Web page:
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The Basics

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Lesson 2-1: The Manual—The Bible
 
The believer's manual is the Bible—the Word of God (HEB 4:12), the mind of Christ (1CO 2:16), the voice of the Spirit (HEB 3:7). Through the Bible alone come the instruction, training, strategy, and tactics to carry on the spiritual warfare that is the life of faith.
 
In John 17, Jesus prays that the Father will sanctify all believers in the truth. Sanctification is the process by which we are conformed to the image of Christ. But where will we find truth? Jesus Himself tells us: "Thy word is truth" (JOH 17:17).
All Scripture is inspired by God and profitable for teaching, for reproof, for correction, for training in righteousness; that the man of God may be adequate, equipped for every good work. (2TI 3:16-17)
The Greek word translated "inspired by God" is theopneustos, from theos, God, and pneuma, breath. "All Scripture is God-breathed."
 
Ancient rabbis taught that the Spirit of God rested on the Old Testament prophets and spoke through them, using them as human mouths to speak in God's place. We speak of "inspiration" as that power by which God the Holy Spirit supervised and superintended the authors of Scripture so that they recorded accurately and exactly what God had to say through them. God's inspiration extended to the very words—and all the words—of the original manuscripts written by those through whom God chose to speak.
 
When God chose a person through whom to communicate His Word, He used that person's perspective, vocabulary, and experience as His channel. This Is how 66 books written by more than 40 different authors, spanning 1,500 years can be so different from each other in style and yet be absolutely non-contradictory, absolutely consistent message.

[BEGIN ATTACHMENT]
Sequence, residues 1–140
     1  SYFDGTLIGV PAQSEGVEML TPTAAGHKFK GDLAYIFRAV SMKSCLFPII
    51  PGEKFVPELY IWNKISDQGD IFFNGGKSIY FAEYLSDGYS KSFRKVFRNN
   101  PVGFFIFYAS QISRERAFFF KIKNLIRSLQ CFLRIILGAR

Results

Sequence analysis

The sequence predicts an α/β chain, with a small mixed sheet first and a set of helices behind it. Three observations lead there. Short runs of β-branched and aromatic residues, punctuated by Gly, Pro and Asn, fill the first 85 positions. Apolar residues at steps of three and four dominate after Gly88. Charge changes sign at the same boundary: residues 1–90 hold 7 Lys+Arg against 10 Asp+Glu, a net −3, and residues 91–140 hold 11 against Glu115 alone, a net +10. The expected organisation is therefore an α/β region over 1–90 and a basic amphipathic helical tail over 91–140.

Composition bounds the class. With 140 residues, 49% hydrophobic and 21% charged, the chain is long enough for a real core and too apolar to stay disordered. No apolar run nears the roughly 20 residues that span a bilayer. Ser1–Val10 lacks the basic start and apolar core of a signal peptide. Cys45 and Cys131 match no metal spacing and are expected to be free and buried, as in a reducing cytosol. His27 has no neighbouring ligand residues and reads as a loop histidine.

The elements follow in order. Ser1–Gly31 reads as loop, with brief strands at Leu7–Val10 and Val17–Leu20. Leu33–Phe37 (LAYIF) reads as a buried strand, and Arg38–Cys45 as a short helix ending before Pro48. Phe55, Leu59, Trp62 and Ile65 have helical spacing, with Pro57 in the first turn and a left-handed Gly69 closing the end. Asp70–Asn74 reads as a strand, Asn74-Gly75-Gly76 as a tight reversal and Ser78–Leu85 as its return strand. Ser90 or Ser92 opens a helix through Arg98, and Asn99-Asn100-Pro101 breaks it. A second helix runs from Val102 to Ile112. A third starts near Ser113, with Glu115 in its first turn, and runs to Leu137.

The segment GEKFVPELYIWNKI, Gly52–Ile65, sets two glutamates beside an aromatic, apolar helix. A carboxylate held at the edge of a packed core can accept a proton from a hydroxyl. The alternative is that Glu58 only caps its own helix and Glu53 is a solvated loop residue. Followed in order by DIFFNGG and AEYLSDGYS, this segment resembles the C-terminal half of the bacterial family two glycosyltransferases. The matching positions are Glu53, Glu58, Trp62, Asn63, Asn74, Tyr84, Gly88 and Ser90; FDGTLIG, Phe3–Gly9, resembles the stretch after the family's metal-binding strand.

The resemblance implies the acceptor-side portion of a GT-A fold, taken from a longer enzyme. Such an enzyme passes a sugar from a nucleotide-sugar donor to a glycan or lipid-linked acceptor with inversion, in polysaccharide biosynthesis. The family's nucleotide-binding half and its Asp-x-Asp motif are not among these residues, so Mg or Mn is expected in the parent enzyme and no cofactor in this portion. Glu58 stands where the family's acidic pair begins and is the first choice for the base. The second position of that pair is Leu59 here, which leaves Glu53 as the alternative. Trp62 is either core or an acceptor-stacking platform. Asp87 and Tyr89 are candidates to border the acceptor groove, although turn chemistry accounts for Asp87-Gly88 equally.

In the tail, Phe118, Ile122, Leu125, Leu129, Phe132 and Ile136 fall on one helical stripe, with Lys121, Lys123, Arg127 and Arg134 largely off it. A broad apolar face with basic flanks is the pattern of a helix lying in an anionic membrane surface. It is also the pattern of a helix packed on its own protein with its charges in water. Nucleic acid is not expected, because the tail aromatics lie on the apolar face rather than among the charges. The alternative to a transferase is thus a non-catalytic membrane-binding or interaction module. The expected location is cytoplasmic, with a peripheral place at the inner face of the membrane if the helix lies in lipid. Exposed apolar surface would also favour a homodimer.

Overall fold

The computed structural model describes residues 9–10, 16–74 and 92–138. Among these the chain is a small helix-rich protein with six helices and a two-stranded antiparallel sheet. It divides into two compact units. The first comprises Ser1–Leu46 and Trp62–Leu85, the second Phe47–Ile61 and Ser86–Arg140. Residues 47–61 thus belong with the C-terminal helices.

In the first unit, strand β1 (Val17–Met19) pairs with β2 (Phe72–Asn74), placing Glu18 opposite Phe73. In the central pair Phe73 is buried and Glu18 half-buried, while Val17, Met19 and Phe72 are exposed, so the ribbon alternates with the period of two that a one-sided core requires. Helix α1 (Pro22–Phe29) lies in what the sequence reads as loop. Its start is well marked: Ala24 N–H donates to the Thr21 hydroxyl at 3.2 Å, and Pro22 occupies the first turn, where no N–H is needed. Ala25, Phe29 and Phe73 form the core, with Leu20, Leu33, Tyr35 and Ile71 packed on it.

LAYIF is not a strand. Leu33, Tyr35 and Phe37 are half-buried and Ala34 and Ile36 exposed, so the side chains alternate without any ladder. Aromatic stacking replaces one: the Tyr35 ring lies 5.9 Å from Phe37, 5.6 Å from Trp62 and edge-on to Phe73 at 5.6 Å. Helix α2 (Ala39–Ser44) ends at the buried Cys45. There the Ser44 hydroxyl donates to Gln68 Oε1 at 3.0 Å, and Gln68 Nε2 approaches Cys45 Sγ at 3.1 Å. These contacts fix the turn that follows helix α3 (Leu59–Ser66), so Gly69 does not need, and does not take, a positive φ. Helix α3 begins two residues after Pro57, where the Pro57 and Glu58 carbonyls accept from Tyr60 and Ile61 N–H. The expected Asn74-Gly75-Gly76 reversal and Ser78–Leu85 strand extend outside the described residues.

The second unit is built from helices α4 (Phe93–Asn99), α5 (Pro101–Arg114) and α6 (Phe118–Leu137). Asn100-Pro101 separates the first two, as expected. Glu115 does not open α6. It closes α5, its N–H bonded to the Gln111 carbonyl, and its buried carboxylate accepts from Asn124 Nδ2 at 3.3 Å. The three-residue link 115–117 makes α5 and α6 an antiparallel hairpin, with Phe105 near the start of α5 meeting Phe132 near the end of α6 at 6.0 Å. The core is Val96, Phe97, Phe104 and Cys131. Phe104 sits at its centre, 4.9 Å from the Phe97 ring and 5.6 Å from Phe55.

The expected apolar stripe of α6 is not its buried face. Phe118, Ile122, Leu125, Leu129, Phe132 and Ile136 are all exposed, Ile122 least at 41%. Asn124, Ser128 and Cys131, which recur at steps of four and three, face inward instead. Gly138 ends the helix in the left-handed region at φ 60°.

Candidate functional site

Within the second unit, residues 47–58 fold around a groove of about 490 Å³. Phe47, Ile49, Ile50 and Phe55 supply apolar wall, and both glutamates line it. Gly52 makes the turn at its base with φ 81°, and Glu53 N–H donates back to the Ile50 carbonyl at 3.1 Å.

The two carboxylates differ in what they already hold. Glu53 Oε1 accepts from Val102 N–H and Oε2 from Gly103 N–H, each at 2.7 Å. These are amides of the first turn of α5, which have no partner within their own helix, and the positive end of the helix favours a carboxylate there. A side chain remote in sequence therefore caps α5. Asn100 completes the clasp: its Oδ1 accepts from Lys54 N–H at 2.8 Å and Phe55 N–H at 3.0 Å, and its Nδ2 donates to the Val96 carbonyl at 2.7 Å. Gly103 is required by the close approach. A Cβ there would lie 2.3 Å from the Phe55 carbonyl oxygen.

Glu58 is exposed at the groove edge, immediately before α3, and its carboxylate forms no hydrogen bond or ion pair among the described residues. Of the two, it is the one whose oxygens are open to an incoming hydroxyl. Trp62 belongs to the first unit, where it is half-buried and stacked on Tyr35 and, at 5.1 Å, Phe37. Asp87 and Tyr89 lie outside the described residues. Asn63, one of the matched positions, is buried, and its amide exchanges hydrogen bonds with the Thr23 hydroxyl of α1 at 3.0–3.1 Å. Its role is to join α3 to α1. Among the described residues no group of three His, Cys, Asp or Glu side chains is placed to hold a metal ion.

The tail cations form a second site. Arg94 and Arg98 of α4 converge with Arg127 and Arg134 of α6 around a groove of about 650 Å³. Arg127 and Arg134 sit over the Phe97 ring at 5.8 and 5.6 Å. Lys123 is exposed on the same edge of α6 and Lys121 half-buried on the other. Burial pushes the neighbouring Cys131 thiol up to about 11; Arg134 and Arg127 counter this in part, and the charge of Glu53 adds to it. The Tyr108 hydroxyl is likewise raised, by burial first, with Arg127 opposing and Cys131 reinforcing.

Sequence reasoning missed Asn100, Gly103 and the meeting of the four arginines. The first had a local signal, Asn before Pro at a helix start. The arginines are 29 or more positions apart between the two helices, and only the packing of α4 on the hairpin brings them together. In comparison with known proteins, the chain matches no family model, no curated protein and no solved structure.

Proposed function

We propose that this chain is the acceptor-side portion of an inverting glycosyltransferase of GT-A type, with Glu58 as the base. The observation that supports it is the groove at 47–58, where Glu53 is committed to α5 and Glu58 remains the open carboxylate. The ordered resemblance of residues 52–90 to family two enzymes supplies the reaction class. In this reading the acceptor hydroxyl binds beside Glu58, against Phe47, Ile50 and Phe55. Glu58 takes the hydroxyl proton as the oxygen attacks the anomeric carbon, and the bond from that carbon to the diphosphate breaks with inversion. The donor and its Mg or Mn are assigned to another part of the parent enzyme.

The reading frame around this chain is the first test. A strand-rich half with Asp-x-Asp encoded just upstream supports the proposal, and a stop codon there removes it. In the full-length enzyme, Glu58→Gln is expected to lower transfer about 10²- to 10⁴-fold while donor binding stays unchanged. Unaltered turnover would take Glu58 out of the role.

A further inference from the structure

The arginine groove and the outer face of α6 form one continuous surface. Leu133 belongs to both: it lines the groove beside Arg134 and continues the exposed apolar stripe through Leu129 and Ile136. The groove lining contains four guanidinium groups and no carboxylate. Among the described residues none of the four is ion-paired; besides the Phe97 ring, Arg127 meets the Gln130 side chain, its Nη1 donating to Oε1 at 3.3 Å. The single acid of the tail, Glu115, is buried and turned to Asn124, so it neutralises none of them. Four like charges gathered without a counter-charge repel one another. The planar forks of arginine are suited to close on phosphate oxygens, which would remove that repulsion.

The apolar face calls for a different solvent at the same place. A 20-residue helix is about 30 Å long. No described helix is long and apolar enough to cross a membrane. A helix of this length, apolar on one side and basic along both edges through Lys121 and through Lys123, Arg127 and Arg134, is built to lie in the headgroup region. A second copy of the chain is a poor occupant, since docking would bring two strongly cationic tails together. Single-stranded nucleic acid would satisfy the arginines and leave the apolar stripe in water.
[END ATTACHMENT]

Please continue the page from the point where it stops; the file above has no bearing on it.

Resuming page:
The Bible declares itself to be the absolute, final, accurate, authoritative Word of God. It was given by God for the profit of man. When Paul says that all Scripture is profitable, he uses a word that means advantageous, beneficial. Then he lists four purposes for which Scripture Is beneficial:
1. For teaching. Didaskalia means "that which is taught, doctrine." The Bible gives us the body of truth—the doctrine—upon which we are to base our perspective and make our decisions in life.
2. For reproof. Elegchos means "to convict of error and to rebuke." The Holy Spirit uses the Word to show us where we have wandered off course.
3. For correction. Epanorthosis means "restoration to an upright or right state." Along with the conviction that we are going the wrong way, the Word always sheds light on the right way. If we are humble before God, from the reproof will come a change in our attitude, which will result in personal action that sets us on course again.
4. For training. Paideia means "instruction and discipline given with the goal of raising a child to maturity." The Bible is a guidebook to lead us from spiritual infancy to spiritual maturity and beyond.
You therefore, my son, be strong in the grace that is in Christ Jesus. And the things which you have heard from me in the presence of many witnesses, these entrust to faithful men, who will be able to teach others also. (2TI 2:1-2)
 
Throughout this last letter of Paul to Timothy, the seasoned apostle again and again stresses to the young pastor the importance of staying focused on the Word of God.